wired computer threat

wired computer threat
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ARTICLE: “My fear is that they won’t address the substantive argument about whether the government can get these keys,” Lavabit founder Ladar Levison told WIRED after the hearing. The case began in June, when Texas-based Lavabit was served with a “pen register” order requiring it to give the government a live feed of the email activity on a particular account. The feed would include metadata like the “from” and “to” lines on every message, and the IP addresses used to access the mailbox. Because pen register orders provide only metadata, they can be obtained without probable cause that the target has committed a crime. But in this case the court filings suggest strongly that the target was indicted NSA-leaker Edward Snowden, Lavabit’s most famous user. Levison resisted the order on the grounds that he couldn’t comply without reprogramming the elaborate encryption system he’d built to protect his users’ privacy. He eventually relented and offered to gather up the email metadata and transmit it to the government after 60 days. Later he offered to engineer a faster solution. But by then, weeks had passed, and the FBI was determined to get what it wanted directly and in real time. So in July it served Levison with a search warrant striking at the Achilles heel of his system: the private SSL key that would allow the FBI to decrypt traffic to and from the site, and collect Snowden’s metadata directly. The government promised it wouldn’t use the key to spy on Lavabit’s other 400,000 users, which the key would technically enable them to do. The FBI attached a Carnivore-like monitoring system at Lavabit’s upstream provider in anticipation of getting the key, but Levison continued to resist, and even flew from Texas to Virginia to unsuccessfully challenge the order before U.S. District Judge Claude Hilton. Levison turned over the keys as a nearly illegible computer printout in 4-point type. In early August, Hilton – who once served on the top-secret FISA court – ordered Levison again to provide them in the industry-standard electronic format, and began fining him $5,000 a day for noncompliance. After two days, Levison complied, but then immediately shuttered Lavabit altogether. Levison is appealing the contempt order. The SSL key is a small file of inestimable importance for the integrity of a website and the privacy of its users. In the wrong hands, it would allow malefactors to impersonate a website, or, more relevantly in this case, permit snoops to eavesdrop on traffic to and from the site. Levison says he was concerned that once the government had his SSL key, it would obtain more secret warrants to spy on his users, and he would have no opportunity to review or potentially challenge those warrants. “The problem I had is that the government’s interpretation of what’s legal and what isn’t is currently at its apex, in terms of authority and scope,” Levison says. “My concern is that they could get a warrant – maybe a classified warrant – that I wouldn’t even have knowledge of, much less the opportunity to object to … My responsibility was to ensure that everybody else’s privacy was protected.” That was Levison’s thinking even before Snowden’s revelations showed us how pervasive and ambitious the NSA’s internet monitoring has become. The judges in last week’s 4th Circuit hearing, though, weren’t interested in hearing about encryption keys. At one point, Judge Paul Niemeyer apologetically interrupted Levison’s attorney as soon as raised the subject, and made it clear that he accepted the government’s position that the FBI was only going to use the key to spy on the user targeted by the pen register order. “The encryption key comes in only after your client is refusing to give them the unencrypted data,” Niemeyer said. “They don’t want the key as an object. They want this data with respect to a target that they’re investigating. And it seems to me that that’s all this case is about and its been blown out of proportion by all these contentions that the government is seeking keys to access others people’s data and so forth.” “There was never an order to provide keys until later on, when [Levison] resisted,” Niemeyer added later in the hearing. “Even then, the government was authorized to use the key only with respect to a particular target.” On that last point, Judge Niemeyer is mistaken. Neither the July 16 search warrant nor the August 5 order imposing sanctions placed any restrictions on what the government could do with the key. Without such a protective order, there are no barriers to the FBI handing the key over to the NSA, says a former senior Justice Department attorney, speaking to WIRED on condition of anonymity. “You sometimes see limitations, or what’s referred to as minimization procedures: The government can only use this for the following purpose. There’s nothing like that here,” says the former official. “I’d say this is a very broad order. Nothing in it would prevent the government from sharing that key with intelligence services.”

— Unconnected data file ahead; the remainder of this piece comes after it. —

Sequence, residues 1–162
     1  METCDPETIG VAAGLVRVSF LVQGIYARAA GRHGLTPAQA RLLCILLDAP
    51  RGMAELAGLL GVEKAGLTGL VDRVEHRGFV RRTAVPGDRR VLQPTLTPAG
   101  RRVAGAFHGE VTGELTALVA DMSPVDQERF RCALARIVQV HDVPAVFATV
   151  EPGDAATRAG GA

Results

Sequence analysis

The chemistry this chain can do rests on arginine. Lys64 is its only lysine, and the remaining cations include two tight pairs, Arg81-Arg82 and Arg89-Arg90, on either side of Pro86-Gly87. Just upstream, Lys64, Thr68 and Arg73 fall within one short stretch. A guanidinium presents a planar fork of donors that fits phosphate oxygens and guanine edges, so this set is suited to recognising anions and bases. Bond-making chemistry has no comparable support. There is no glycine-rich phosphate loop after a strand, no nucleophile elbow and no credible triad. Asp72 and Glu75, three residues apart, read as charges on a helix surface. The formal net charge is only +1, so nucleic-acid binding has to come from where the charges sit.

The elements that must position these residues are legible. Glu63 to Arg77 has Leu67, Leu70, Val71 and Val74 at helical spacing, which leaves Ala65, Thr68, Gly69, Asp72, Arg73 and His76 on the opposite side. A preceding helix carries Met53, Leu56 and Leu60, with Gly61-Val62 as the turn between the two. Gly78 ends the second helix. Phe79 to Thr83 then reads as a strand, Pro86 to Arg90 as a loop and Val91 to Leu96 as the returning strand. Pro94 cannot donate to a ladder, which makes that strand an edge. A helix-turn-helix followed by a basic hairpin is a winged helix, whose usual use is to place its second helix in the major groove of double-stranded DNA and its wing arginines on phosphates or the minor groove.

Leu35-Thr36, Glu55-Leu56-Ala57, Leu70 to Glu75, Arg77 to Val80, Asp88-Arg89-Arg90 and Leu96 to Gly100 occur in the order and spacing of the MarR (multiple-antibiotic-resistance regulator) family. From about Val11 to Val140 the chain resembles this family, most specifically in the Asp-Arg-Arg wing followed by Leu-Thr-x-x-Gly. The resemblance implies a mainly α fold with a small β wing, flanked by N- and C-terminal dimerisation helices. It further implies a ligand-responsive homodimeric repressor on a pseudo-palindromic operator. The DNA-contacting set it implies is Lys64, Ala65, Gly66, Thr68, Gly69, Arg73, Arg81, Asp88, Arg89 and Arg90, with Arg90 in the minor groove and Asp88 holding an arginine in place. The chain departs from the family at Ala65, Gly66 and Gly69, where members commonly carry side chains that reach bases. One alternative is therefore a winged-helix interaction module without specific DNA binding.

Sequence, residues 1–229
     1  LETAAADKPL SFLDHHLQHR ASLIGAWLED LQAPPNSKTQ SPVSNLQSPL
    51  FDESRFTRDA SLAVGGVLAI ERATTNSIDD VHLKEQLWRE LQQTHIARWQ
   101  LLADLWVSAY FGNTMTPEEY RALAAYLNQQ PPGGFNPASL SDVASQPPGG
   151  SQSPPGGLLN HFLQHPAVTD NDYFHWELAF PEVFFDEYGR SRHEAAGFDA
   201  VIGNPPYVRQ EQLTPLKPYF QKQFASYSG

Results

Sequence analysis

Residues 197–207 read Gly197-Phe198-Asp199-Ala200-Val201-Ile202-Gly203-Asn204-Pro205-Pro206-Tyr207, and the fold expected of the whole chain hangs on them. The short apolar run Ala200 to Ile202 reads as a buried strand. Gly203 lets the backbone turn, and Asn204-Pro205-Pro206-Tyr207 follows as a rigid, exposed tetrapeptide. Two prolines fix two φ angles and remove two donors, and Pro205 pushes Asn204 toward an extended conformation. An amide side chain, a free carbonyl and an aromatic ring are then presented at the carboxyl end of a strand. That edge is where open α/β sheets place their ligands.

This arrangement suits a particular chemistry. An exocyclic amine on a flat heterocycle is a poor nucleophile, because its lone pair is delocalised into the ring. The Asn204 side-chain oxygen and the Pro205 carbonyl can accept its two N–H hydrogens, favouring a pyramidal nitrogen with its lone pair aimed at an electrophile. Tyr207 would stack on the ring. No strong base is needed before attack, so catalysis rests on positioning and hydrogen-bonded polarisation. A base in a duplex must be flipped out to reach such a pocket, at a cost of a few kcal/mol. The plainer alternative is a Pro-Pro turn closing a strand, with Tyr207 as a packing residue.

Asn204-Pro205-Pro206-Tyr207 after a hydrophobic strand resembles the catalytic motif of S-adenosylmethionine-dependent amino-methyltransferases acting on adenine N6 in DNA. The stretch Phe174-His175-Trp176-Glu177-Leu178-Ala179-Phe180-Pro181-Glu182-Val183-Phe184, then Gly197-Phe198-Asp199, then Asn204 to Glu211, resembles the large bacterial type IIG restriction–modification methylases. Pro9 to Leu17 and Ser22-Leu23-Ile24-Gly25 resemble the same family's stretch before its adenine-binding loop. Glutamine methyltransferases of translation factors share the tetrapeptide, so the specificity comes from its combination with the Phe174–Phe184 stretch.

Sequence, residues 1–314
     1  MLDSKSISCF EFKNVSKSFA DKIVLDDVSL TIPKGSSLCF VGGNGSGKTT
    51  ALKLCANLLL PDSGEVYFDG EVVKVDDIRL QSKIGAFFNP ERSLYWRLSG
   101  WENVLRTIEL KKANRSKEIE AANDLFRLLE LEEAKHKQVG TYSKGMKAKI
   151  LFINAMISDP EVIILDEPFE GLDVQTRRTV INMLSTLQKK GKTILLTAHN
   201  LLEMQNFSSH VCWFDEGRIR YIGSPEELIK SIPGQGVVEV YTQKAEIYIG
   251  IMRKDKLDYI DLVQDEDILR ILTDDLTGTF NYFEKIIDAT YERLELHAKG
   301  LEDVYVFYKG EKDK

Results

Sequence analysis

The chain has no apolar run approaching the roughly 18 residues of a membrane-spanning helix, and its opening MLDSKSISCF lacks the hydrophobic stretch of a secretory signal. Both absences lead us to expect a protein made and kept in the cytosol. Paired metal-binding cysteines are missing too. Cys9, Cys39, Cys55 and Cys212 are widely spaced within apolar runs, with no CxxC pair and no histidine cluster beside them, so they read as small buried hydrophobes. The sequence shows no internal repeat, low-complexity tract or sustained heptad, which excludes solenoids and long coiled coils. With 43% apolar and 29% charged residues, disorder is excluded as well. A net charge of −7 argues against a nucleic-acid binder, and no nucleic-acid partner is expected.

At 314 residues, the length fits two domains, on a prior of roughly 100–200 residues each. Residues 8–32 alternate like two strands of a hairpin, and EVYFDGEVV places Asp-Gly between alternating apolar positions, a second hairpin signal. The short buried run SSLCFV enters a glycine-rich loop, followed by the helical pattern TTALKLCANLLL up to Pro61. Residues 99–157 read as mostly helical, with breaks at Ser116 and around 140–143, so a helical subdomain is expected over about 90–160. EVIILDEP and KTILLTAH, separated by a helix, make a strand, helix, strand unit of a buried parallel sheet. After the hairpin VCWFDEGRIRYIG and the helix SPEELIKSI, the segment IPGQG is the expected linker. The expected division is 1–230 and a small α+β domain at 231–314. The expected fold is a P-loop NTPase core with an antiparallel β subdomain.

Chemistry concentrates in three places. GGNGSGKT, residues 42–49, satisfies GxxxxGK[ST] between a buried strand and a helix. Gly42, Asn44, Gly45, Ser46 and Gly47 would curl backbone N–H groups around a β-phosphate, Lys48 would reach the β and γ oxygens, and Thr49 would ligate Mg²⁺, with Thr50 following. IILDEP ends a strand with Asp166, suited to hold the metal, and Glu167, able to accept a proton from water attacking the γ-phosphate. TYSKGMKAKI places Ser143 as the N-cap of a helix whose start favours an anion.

The FBI’s relationship with the NSA is close – the FBI receives 1,000 tips a year from the NSA’s bulk telephone metadata collection; the bureau’s Data Intercept Technology Unit in Quantico, Virginia channels PRISM data to NSA headquarters in Ft. Meade from Silicon Valley. Presumably the two agencies are even closer on the matter that brought the FBI to Lavabit. By shutting down Lavabit, Levison obviously thwarted prospective surveillance efforts. But we know – again, thanks to Snowden – that the agency sometimes collects encrypted data that it can’t crack, in the hope of getting the key later. “We know from the minimization rules that are out that if they collect encrypted information they’re allowed to keep it indefinitely,” says Jennifer Granick, Director of Civil Liberties at the Stanford Center for Internet and Society. “That’s exactly why the Lavabit case is so important.” If NSA did collect Lavabit traffic, users who checked their email using Safari or Internet Explorer are theoretically compromised now. That’s because Lavabit failed to preference the full suite of encryption algorithms that provide “perfect forward secrecy,” which generates a temporary key for every session, making both passive eavesdropping and retrospective cryptanalysis unlikely. Firefox and Chrome users should not be similarly vulnerable. If it wasn’t collecting Lavabit traffic already, it’s safe to assume the NSA began doing so when Snowden revealed himself as the NSA leaker in early June. The NSA could not legally target U.S. citizens or legal residents without first getting a specific warrant from the Foreign Intelligence Surveillance Court. But non-U.S. Lavabit users would be fair game. Levison flew back to Texas on Friday to await the 4th Circuit’s ruling and continue work on his new initiative: a surveillance-resistant email infrastructure called Dark Mail. He notes that one possible – even likely – outcome of the case is that the appeals court rules against him on a technicality. Some of his lawyer’s arguments weren’t clearly raised below in front of Judge Hilton. The court could find that those arguments are forfeit now, and leave the substantive issues undecided. Pragmatically, that could be the best outcome, given the panel’s hostility to the encryption question and its faith in the government’s honesty. But Levison would prefer to lose on the substantive issue and continue the fight all the way to the Supreme Court. If the 4th Circuit doesn’t decide one way or the other, other U.S. internet companies won’t know where they stand when the government comes for their keys. The cloud of distrust that’s gathered over U.S. companies in the contrail of the NSA revelations will grow even darker. “It’ll leave this issue completely in limbo, with no end in sight,” Levison says. “So how is the industry going to handle that? They’ll have to wait years for somebody else to come along who’s willing to stand up and say, ‘no,’ and take the government back to court.” ORDER THIS ESSAY HERE NOW AND GET A DISCOUNT !!!